Directed by award-winning filmmaker Jennifer Baichwal and renowned photographer Edward Burtynsky, 'Watermar'k re-teams the creators of Manufactured Landscapes as they bring together diverse stories from around the globe about our relationship with water: how we are drawn to it, what we learn from it, how we use it and the consequences of that use. We see massive floating abalone farms off China's Fujian coast and the construction site of the biggest arch dam in the world - the Xiluodu, six times the size of the Hoover. We visit the barren desert delta where the mighty Colorado River no longer reaches the ocean and the water-intensive leather tanneries of Dhaka. Shot in stunning 5K ultra high-definition video and full of soaring aerial perspectives, this film shows the grace and beauty of water but also its fragility and force.
A visually captivating documentary Watermark details – and this word is particularly key to the film at large – the impact of water upon humanity. A dyed in the wool environmentalist and slightly animal mad vegetarian I would normally expect to absolutely adore Watermark however the poor use of context, verbal content and general detail distract from the powerful visuals that, in many ways, speak for themselves.
It is almost as though co-directors, Jennifer Baichwal and Edward Burtynsky were not quite sure what tone they wished their film to take, this is far from an earth shattering depiction of the immense power of nature, nor is it a deep and considered look into the detrimental impact of mankind on the natural environment, whilst it also fails to be a historical or geographical exploration of the changing ‘landscape’ of Earth’s water.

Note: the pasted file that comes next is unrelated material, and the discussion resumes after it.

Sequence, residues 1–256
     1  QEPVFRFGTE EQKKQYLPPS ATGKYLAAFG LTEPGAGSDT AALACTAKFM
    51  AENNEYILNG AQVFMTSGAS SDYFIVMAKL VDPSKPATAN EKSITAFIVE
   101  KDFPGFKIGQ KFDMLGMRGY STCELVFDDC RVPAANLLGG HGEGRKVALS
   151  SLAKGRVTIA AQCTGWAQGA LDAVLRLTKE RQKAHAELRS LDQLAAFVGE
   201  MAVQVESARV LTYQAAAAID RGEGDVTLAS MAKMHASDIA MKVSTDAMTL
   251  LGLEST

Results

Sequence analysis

It attempts in a strange way to be all and none of these things, supplying us with uninspiring information at times, whilst at others overloading us with detail, all the while undercutting every single word spoken with breath taking images of water, and in many cases, the absence of it.
It may surprise you then that I have given Watermark four stars, this comes however from my accidental second watching of the DVD (though the film was only released in UK theatres two weeks ago) without the sound on, where I found myself even more impressed – almost overwhelming so in fact, the stock images in this review do not do the film justice – by the visual element of the documentary. Had Baichwal and Burtynsky let the camera do all the talking and Watermark would have been far, far better.
You rated this film: 4
Alyse Garner - Cinema Paradiso
Videos exempt from classification by the British Board of Film Classification